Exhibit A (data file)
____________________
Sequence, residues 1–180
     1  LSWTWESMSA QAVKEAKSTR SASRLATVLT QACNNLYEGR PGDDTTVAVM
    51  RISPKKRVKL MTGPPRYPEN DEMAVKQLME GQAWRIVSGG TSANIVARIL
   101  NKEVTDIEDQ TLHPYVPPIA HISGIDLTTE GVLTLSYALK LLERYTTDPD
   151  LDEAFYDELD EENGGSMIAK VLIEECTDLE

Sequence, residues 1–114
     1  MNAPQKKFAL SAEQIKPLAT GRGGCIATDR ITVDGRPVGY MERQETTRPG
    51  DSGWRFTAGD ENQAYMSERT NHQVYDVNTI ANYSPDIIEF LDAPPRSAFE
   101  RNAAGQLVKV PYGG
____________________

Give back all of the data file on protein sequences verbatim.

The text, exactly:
Sequence, residues 1–180
     1  LSWTWESMSA QAVKEAKSTR SASRLATVLT QACNNLYEGR PGDDTTVAVM
    51  RISPKKRVKL MTGPPRYPEN DEMAVKQLME GQAWRIVSGG TSANIVARIL
   101  NKEVTDIEDQ TLHPYVPPIA HISGIDLTTE GVLTLSYALK LLERYTTDPD
   151  LDEAFYDELD EENGGSMIAK VLIEECTDLE

Sequence, residues 1–114
     1  MNAPQKKFAL SAEQIKPLAT GRGGCIATDR ITVDGRPVGY MERQETTRPG
    51  DSGWRFTAGD ENQAYMSERT NHQVYDVNTI ANYSPDIIEF LDAPPRSAFE
   101  RNAAGQLVKV PYGG